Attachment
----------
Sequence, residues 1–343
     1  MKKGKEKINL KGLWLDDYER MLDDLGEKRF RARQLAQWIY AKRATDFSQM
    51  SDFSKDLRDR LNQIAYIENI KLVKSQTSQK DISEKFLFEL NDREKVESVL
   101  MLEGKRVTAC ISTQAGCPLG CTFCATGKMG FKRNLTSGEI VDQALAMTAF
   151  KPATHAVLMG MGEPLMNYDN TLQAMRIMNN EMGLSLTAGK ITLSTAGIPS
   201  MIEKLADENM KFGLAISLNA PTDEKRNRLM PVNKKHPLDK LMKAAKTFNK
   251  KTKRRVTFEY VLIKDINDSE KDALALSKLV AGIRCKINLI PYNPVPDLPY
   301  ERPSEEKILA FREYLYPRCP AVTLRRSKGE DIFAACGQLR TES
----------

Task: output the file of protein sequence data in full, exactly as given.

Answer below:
Sequence, residues 1–343
     1  MKKGKEKINL KGLWLDDYER MLDDLGEKRF RARQLAQWIY AKRATDFSQM
    51  SDFSKDLRDR LNQIAYIENI KLVKSQTSQK DISEKFLFEL NDREKVESVL
   101  MLEGKRVTAC ISTQAGCPLG CTFCATGKMG FKRNLTSGEI VDQALAMTAF
   151  KPATHAVLMG MGEPLMNYDN TLQAMRIMNN EMGLSLTAGK ITLSTAGIPS
   201  MIEKLADENM KFGLAISLNA PTDEKRNRLM PVNKKHPLDK LMKAAKTFNK
   251  KTKRRVTFEY VLIKDINDSE KDALALSKLV AGIRCKINLI PYNPVPDLPY
   301  ERPSEEKILA FREYLYPRCP AVTLRRSKGE DIFAACGQLR TES